New Spy DVDs Out This Week
At long last, the release date has finally arrived for the Code Red Superargo DVD we first heard about last June. This 1968 film is one of those Eurospy/Superhero hybrids I like to call "costumed adventurer" movies. It's actually the second Superargo movie, following 1966's Superargo vs. Diabolikus (not on DVD), and alternately known as Superargo vs. the Faceless Giants, Superargo vs. Giant Robots and The Invincible Superman among many, many other titles. From those names, you would think that perhaps Superargo fights giant robots, possibly faceless ones. The reality of it is a costumed adventurer versus large-ish men (some of whom are actually a good deal smaller than said adventurer) dressed as robots (sort of) and wearing stockings over their faces. Then again, that's exactly the sort of thing I want to see! Superargo stars Giovanni Cianfriglia, Guy Madison and Diana Lorys. Code Red's "Exploitation Cinema" double feature incongrously pairs the film with a 1972 John Astin comedy called Wacky Taxi. The original announcement mentioned that a comedy troup called Cinema Head Cheese would provide an MST3K-style commentary track, but I'm not sure if that actually ended up happening or not–and I can't imagine there are too many Eurospy fans who care one way or the other, as long as they get to watch the film unmolested, which they do. The Wacky Taxi/Superargo DVD retails for $14.98. Read my coverage of other Costumed Adventurer movies from this era here.
Greatest American Hero
Speaking of costumed adventurers, today also sees the budget re-release of The Greatest American Hero, an early Eighties satirical superhero show co-starring I Spy's Robert Culp. I've never seen a single episode of it, and didn't even realize that Culp played a government agent when I wrote his obituary, but many regard this series fondly and I'm keen to finally check it out. I can certainly afford to, since Mill Creek's new release of Season One is just $6.99 on Amazon. The company is offering both Season One and The Complete Series on the same day, both priced to move. You can get all three seasons together for the low retail price of just $29.98 ($26.99 on Amazon, or $18.35 on Deep Discount). Bear in mind, though, that these Mill Creek releases do not appear to contain any of the extras found on Anchor Bay's previous (costlier) release of the show.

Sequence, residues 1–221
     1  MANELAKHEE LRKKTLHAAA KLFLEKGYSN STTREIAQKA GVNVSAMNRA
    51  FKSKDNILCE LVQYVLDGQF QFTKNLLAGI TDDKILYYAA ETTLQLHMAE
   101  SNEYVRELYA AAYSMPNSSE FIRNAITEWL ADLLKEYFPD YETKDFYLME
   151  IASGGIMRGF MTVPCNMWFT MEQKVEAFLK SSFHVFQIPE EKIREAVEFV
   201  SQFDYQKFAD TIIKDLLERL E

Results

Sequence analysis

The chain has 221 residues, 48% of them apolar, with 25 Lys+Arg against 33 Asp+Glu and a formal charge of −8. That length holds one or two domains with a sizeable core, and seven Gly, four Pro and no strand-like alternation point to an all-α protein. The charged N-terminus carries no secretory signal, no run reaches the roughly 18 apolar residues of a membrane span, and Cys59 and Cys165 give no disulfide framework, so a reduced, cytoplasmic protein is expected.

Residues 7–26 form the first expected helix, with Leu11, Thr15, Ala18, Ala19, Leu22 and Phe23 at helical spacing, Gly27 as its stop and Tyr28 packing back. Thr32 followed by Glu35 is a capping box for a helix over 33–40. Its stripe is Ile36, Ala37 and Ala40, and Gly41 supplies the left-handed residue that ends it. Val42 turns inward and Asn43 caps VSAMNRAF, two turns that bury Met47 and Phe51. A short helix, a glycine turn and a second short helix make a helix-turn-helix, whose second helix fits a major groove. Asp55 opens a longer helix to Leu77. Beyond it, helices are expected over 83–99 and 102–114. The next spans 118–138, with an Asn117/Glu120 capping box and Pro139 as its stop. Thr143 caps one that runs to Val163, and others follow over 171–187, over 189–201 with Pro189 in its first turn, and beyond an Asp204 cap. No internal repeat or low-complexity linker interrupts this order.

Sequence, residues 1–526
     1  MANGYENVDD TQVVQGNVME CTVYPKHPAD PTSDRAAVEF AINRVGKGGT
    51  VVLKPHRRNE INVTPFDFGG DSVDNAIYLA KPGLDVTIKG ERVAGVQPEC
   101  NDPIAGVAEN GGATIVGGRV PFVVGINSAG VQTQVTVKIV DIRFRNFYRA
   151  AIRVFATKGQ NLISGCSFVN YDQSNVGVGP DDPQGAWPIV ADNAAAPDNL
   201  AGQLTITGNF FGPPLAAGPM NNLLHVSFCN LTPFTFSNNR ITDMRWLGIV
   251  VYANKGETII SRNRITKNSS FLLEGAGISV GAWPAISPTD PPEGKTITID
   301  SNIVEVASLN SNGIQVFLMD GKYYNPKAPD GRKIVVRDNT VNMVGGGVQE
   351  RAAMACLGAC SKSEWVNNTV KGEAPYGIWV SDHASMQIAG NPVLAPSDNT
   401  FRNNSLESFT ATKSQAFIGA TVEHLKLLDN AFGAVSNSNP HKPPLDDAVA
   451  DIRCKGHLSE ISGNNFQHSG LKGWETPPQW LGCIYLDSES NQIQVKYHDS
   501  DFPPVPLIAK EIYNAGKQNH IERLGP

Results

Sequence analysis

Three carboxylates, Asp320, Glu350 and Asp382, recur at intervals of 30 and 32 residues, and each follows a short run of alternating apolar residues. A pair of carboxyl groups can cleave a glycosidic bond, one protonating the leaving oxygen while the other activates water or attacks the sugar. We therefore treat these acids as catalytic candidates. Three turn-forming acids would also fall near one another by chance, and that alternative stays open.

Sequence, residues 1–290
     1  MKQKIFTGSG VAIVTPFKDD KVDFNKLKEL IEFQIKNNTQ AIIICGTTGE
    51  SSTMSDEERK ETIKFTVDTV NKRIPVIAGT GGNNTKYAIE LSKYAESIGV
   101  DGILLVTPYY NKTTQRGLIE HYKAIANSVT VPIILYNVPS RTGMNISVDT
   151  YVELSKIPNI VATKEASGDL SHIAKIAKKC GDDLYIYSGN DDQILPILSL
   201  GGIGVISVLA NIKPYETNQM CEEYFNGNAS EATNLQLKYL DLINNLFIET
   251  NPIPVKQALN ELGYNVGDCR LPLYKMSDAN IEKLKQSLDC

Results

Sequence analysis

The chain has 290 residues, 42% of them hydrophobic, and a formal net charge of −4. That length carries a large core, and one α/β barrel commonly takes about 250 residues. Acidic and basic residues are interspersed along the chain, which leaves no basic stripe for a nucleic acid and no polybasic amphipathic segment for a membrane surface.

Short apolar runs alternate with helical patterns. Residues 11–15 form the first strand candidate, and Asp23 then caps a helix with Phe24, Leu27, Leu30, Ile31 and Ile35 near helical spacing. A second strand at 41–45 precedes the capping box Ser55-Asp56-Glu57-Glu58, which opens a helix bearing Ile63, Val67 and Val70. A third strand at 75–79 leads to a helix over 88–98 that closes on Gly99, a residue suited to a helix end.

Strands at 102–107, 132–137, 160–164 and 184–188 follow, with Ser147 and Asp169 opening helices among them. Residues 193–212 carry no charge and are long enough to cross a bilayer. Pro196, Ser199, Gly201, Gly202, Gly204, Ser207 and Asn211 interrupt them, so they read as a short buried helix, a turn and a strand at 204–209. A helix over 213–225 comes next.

The Spy Next Door
Next up, we have The Spy Next Door on DVD andDVD/Blu-ray combo from Lionsgate. Jackie Chan plays a spy. Next door. Who babysits some kids. And they smack people with pots and pans. Maybe it's fun.
Finally, on the other side of the pond this week we have the DVD debut of The Sentimental Agent on a Region 2 PAL set from the UK's leading distributor of spy shows and ITC shows, Network. Surprisingly (for the Sixties, anyway), the titular agent (Carlos Varela, played by Carlos Thompson) is not, in fact, a spy, but an import/export agent. Go figure! This being an ITC series, however, he's an import/export agent who frequently finds himself embroiled in espionage nonetheless. One of the primary ITC templates of the time was to follow a man with an ordinary yet glamorous profession (such as Man of the World's photojournalist, or The Baron's antiques dealer) and plunge him into dangerous exploits in exotic locales week after week. Varela's importing and exporting gets him mixed up with spies trying to cross borders, spies stealing spaceflight secrets and spies posing as jazz musicians, as well as all manner of assassins, international criminals and generally disreputable miscreants. The series is perhaps most notable (to Avengers fans, anyway) for featuring a young Diana Rigg, in her screen–and spy–debut. It was also her first time speaking lines written by Brian Clemens, one of the primary creative forces behind the Rigg era of The Avengers.
The Sentimental Agent: The Complete Series includes all 13 black and white episodes and several extras: “With This Face,” a brand new interview the legendary Burt Kwouk (Goldfinger, the Pink Panther films), episode stills galleries and PDFs of original promotional material. The company has posted a preview of the Kwouk interview on YouTube (in which he discusses all of his ITC work), and it looks good. The 4-disc set runs £39.99, but is currently just £33.99 on Network's website. It's a web exclusive, so that's the only way to get it. Watch the clip below to see Varela behaving more like a secret agent than an import/export agent, wearing a tuxedo and driving around in a beautiful Aston Martin DB5.
May 18, 2010
Labels: DVDs, Network, Sixties, Superheroes, TV
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